#3 Yoel Street

Behold a Rebbe Nachman story for the days of awe.

#3 Yoel Street

In 1995, I took a sabbatical and went to Israel. I wanted to study with the Chassidim in Jerusalem, but I didn’t know how to get in with the real deal. I got involved at the New Age yeshivah, it was nourishing but not entirely satisfying for me. I wanted to go to Meah Shearim.

Meah Shearim is one of the oldest Jewish settlements outside the Old City of Jerusalem. Meah Shearim was also walled off. In the nineteenth century, it was dangerous for Jews to live outside the walls of the Old City of Jerusalem. They came to live in Meah Shearim beginning in 1875, and for many years Meah Shearim was protected by a wall that could only be entered through a series of gates. Tradition has it that the gates numbered one hundred, and that is what the name Meah Shearim means, one hundred gates. The name also refers to a verse in Genesis 26:12, “Then Isaac sowed in that land, and received in the same year a hundredfold (in Hebrew meah shearim), and God blessed him.” There are many Chassidic yeshivot, places of learning, shtiebelach, places of prayer, and thousands of Chassidic families living behind the walls of Meah Shearim.

Meah Shearim is always teeming. The streets are narrow and pedestrians dodge the buses. There are cars parked on the streets of Meah Shearim, but people fill the streets, the sidewalks, the middle of the streets, mostly black hat Orthodox, Chassidim in long kapotehs, black coats, their wives, their children. The language of the street is Yiddish. If you follow Meah Shearim street south, towards the Old City, you will notice many Chassidim wearing knickers, long white socks, striped coats, and white knit yarmulkes. These are the Breslov Chassidim, and their yeshivah is on the southern end of Meah Shearim street, near the Russian Compound.

During the time I spent in Jerusalem, I would inquire of people who I thought would know where I could learn in Meah Shearim. There was sometimes a shiur [lesson] here, a Melaveh Malkah [Saturday night celebration of stories and songs] there, I heard that the Munkaczers chanted their mournful niggunim [songs without words] late Saturday nights, but I didn’t have anyone to go with, and I was too shy to go alone. I was preoccupied with music and other studies, so I tried to push it out of my mind. But I couldn’t push it out of my mind.

I didn’t go to Meah Shearim. Until one summer. I was alone much of that time staying in my friend’s apartment in Jerusalem. I spent much of my days practicing music and studying. The New Age yeshivah where I learned was a block away, so I made many sessions there.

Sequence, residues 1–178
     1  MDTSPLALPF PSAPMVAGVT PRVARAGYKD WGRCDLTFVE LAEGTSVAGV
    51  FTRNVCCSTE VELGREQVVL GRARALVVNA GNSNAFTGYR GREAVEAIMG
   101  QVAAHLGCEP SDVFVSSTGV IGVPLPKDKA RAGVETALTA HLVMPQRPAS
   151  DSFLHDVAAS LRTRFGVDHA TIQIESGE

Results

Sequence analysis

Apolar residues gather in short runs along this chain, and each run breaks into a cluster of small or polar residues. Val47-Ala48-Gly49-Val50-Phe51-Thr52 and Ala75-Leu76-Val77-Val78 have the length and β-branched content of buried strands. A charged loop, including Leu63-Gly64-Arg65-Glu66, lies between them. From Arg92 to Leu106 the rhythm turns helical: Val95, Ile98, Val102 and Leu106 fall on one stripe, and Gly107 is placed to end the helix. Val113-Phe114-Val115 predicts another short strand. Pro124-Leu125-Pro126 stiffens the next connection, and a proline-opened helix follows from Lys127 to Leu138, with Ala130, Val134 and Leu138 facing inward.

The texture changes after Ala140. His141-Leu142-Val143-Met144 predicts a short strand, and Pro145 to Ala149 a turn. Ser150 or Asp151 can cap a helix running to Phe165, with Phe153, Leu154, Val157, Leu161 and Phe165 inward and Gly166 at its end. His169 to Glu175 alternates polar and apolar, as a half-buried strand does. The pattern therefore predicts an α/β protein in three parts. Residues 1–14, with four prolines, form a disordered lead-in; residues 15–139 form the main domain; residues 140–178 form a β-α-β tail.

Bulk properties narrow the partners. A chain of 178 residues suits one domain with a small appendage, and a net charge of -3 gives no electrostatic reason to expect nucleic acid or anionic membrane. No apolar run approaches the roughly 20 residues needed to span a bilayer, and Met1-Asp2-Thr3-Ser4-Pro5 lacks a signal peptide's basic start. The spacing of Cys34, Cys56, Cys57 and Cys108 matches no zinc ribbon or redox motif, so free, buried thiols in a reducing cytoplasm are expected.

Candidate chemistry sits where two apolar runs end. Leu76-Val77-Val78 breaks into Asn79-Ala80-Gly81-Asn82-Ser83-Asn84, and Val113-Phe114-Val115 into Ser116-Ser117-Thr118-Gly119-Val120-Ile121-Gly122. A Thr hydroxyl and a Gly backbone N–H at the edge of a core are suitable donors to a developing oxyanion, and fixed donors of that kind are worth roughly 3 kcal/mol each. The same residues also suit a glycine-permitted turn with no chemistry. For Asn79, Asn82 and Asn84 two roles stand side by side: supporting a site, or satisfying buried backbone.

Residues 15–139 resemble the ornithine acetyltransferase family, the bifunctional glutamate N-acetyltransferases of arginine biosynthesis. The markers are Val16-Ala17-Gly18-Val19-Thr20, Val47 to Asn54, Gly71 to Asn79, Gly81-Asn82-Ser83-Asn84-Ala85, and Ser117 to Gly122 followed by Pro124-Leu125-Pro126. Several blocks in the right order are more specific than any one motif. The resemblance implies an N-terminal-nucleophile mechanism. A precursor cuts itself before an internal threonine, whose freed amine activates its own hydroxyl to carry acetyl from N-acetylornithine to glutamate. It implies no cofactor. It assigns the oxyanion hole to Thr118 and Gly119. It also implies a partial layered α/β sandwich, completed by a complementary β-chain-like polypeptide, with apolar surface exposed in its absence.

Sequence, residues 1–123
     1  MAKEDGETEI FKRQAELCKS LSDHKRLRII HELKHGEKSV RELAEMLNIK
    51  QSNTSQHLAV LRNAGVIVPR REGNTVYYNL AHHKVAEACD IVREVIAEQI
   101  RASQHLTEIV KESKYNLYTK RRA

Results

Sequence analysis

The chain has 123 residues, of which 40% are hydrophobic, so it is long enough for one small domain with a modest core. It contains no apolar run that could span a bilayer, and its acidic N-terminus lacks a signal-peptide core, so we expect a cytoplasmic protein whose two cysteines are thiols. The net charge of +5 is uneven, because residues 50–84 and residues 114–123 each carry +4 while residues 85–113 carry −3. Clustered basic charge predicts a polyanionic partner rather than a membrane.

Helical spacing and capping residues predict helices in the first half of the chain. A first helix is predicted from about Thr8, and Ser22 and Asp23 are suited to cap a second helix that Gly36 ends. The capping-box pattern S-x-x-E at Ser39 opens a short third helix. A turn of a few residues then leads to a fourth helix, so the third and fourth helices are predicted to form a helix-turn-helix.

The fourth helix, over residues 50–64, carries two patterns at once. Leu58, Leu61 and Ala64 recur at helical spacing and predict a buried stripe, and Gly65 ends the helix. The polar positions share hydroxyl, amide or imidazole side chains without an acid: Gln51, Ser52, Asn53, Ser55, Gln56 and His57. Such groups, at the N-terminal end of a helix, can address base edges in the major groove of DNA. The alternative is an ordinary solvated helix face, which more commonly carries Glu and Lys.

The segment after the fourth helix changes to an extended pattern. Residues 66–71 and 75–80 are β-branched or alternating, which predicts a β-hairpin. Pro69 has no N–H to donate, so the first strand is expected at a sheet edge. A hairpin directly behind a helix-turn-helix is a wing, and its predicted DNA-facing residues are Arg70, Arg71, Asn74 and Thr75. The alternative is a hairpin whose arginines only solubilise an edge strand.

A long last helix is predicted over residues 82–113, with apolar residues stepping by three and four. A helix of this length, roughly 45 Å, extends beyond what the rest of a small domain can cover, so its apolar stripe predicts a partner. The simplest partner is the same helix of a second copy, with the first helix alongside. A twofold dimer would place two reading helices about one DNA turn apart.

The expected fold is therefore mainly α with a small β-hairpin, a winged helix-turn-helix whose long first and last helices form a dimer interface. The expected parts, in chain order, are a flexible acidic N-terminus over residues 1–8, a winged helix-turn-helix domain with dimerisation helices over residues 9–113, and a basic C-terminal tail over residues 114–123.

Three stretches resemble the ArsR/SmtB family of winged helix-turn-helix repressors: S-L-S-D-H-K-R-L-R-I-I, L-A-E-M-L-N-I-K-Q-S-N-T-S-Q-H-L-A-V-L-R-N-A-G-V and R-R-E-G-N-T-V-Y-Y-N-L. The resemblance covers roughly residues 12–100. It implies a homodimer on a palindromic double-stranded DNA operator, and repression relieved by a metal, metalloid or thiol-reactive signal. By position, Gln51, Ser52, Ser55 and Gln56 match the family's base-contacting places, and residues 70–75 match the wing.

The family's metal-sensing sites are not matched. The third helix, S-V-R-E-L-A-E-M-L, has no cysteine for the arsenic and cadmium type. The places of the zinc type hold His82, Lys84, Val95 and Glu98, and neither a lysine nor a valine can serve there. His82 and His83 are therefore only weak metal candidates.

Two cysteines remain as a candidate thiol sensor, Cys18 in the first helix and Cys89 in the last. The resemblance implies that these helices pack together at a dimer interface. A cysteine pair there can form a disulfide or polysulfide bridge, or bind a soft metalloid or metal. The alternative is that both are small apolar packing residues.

They had a series of lectures at the New Age yeshivah on teachings from Rebbe Nachman of Bratzlav, taught by a Breslov writer-teacher from Meah Shearim. I went to the second installment. It was wonderful listening to one of the true Breslovers from Meah Shearim give the shiur [lesson] on the Rebbe. I had always been enchanted by Rebbe Nachman the great story master.

I sat in the front row. After the session, I went up to the teacher from Meah Shearim and I said, “all my life I have wanted to study at the source, do you learn in the Breslov yeshivah?”
“Sure,” he said.
“Could I come and learn there?”
“Of course,” he said. “We learn near there every afternoon, from two to five, you are welcome to come.” He gave me the address and directions.

It wasn’t the main Breslov yeshivah but a tiny yeshivah right off of Meah Shearim street. I went the next day. I took a bus through the center of Jerusalem, it turned off down Strauss street and headed east toward East Jerusalem. I got off in front of Lichtenstein’s book store, and walked another block down the hill to a four crossing intersection known as Kikar Shabbat though it was nowhere marked that way on any sign that I could discern.

It was a center of combustion. To the left, the west, were streets of small storefronts, candy stores, baby stores, many book stores, fleishig [meat] markets, fleishig restaurants, milchig [dairy] markets, milchig restaurants, a bank on the corner, men’s hat stores, women’s hat stores, wig stores, women’s dress stores, one after another little shops. Everyone was walking fast.

Across the street from Meah Shearim was a labyrinth of more streets with many synagogues, yeshivot [houses of study], kollels [houses of advanced study], book stalls, sellers, scribes, religious objects, everywhere. I took the first side street off of Meah Shearim street, across from the walls of the Meah Shearim compound, and three doors down I passed through a gate that connected to a low lying brick wall and into #3 Yoel Street, Yeshivat Shuvah Yisrael, Return O Israel, the text that is read in the synagogue from Hosea on Shabbes Shuvah, the Sabbath between Rosh Hashanah and Yom Kippur.